While still at medium altitude in the working area over the Mediterranean, Kerherve suggested we investigate the high- and low-speed envelope protection schemes employed with the EASy flightdeck. One of the main objectives is to keep the pilots in the loop. In an overspeed or underspeed situation aircraft response is dependent on the level of automation selected. With both the autopilot and autothrottle engaged the aircraft will not exceed Vmo/Mmo nor slow below the amber slow speed value even if an excessively high or low speed is selected by the pilot.

With only the autopilot engaged I pushed the throttles forward to a maximum climb N1. As airspeed approached the VMO of 370kt, the autothrottle automatically engaged and retarded the throttles to prevent an overspeed. Should a thrust reduction alone not be enough to slow the aircraft, a climb will be commanded.

Next, I disengaged the autopilot and autothrottle and slowed the aircraft to 350kt. Again I pushed the throttles forward. This time, as Vmo was exceeded, EASy assumed I knew what I wanted to do as I was hand-flying the aircraft, and the autothrottle did not automatically engage. The flight director did command a climb, mirroring what the autopilot would do if thrust reduction alone would slow the aircraft sufficiently.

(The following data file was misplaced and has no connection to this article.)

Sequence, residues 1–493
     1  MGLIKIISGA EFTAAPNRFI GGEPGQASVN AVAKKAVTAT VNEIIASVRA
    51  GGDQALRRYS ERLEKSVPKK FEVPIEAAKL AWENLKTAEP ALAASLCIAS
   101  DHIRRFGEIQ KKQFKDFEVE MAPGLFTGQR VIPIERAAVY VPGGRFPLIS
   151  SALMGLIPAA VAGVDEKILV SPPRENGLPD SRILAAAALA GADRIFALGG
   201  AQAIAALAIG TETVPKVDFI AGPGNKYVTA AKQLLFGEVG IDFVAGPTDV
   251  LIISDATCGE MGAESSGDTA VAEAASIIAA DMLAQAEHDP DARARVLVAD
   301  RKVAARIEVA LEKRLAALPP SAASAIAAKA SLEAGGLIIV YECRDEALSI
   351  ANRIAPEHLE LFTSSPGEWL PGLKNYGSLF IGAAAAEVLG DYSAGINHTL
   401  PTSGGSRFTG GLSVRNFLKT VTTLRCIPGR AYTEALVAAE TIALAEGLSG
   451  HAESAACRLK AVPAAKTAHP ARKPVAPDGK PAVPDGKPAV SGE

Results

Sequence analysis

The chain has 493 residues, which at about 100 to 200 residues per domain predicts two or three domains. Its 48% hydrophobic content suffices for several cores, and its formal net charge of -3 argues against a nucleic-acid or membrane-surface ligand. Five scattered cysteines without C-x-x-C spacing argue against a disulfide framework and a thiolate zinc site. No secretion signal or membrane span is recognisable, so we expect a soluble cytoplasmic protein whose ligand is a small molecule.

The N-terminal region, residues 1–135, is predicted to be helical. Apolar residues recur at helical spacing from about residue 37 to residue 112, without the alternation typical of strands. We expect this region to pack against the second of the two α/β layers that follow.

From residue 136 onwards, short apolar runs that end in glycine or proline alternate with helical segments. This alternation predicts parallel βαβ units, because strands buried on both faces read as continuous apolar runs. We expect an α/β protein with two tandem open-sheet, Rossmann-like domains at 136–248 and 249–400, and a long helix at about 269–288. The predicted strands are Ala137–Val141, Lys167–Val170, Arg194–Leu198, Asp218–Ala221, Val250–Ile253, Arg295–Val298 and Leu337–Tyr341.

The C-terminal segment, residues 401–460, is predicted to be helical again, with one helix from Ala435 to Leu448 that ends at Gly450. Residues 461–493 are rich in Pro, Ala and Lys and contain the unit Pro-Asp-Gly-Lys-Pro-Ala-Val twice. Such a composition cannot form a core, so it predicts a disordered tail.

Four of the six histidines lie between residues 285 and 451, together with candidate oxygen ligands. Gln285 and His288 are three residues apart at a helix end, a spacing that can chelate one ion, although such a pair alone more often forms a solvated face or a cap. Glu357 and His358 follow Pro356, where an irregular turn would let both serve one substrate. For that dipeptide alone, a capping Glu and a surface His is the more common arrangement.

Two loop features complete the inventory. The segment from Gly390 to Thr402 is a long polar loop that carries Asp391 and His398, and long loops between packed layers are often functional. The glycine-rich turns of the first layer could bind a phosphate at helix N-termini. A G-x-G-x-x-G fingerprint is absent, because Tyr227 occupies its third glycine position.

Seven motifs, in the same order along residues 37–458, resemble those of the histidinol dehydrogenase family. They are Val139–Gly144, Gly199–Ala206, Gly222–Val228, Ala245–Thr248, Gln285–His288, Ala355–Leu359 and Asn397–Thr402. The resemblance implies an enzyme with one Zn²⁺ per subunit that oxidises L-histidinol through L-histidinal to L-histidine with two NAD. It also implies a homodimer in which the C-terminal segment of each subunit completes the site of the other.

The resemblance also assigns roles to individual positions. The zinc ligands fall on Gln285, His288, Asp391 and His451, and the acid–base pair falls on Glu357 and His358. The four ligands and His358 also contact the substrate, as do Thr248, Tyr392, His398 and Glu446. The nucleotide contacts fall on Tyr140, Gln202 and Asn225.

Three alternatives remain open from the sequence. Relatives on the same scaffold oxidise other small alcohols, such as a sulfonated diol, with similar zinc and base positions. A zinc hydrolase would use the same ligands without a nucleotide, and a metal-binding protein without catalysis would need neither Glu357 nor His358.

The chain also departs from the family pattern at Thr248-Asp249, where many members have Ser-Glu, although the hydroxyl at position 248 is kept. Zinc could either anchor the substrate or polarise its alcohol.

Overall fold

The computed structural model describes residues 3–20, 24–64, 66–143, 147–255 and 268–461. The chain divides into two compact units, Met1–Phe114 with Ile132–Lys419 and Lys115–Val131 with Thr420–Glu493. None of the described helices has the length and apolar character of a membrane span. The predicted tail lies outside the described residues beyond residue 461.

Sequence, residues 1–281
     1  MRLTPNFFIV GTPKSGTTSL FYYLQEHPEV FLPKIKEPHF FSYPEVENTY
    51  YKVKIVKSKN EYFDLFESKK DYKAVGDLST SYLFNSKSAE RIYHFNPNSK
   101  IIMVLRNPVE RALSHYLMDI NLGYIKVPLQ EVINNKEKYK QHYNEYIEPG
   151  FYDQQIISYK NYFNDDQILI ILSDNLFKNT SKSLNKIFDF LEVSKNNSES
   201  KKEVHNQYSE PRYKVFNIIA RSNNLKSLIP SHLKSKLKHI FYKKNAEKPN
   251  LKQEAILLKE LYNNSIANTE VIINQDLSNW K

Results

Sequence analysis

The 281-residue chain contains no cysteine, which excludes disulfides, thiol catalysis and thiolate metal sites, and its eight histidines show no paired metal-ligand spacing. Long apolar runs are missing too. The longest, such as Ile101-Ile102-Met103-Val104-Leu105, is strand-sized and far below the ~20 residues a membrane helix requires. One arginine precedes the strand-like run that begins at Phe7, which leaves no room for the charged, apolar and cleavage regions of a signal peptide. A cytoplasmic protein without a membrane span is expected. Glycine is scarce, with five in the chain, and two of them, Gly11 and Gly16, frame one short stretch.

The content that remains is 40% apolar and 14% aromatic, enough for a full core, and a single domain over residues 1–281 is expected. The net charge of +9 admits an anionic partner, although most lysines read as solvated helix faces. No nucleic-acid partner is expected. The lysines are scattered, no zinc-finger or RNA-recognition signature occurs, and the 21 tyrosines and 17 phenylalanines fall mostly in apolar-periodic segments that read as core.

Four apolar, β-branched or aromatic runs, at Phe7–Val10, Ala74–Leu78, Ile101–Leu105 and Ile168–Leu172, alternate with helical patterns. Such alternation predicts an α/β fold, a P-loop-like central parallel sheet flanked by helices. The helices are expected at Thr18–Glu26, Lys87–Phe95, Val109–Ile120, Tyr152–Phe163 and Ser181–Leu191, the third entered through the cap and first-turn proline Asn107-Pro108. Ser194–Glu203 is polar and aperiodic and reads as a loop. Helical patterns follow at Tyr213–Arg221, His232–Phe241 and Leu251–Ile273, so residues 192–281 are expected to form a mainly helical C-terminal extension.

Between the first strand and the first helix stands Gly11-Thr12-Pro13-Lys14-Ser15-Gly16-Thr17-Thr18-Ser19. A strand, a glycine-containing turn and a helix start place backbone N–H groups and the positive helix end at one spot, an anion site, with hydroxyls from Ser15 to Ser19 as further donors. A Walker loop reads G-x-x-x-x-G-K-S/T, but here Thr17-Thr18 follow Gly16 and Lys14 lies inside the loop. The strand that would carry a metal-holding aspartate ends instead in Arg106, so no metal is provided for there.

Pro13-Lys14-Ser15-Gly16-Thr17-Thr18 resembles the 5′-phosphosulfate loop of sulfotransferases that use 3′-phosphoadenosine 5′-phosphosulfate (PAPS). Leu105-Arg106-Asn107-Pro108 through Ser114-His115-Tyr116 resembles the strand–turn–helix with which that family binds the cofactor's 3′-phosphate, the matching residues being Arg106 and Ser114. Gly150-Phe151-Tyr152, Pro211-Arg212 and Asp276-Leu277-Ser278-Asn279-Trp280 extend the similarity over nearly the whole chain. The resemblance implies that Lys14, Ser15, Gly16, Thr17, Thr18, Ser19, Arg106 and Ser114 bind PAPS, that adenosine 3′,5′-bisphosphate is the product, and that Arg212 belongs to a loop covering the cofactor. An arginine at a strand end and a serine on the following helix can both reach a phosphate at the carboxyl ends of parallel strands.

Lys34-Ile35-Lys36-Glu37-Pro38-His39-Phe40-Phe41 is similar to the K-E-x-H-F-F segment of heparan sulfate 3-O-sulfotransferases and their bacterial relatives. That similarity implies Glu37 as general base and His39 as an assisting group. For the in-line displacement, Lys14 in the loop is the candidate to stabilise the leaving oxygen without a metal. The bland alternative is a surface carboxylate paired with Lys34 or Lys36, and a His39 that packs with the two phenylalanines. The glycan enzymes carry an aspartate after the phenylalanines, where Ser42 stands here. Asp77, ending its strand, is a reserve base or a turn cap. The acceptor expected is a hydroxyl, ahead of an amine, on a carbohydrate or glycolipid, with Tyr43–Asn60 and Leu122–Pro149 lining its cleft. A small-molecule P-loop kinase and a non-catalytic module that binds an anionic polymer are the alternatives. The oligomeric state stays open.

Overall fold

Slow-speed response

Response to a slow-speed condition essentially mirrors the high-speed case with an important exception. If the flight-director vertical mode is holding an altitude or tracking an approach glideslope and additional thrust alone will not accelerate the aircraft, the FD will not command a descent to prevent a stall. There are few instances where a pilot will want to intentionally exceed an aircraft's limitations, and Dassault has given a good deal of thought on how to protect the crew and passengers from an operational error while at the same time keeping the pilots in the loop and allowing them the latitude for exceedences if necessary.

After a few more hand-flown manoeuvres in the working area, Kerherve asked air traffic control for clearance to land. Having gained an appreciation for the 900EX's excellent flying qualities, I engaged the autopilot for our transit to Chambery and stowed the HUD.

En route to Chambery for an approach and landing, autopilot and autothrottle engaged and HUD stowed, I explored several of the I-Nav features with the display in North-up mode, which closely matched our heading. The planned route and waypoints were clearly depicted over the map underlay. Opposing traffic was also presented. There was no convective activity in the area, but weather radar information can also be presented in the I-Nav window.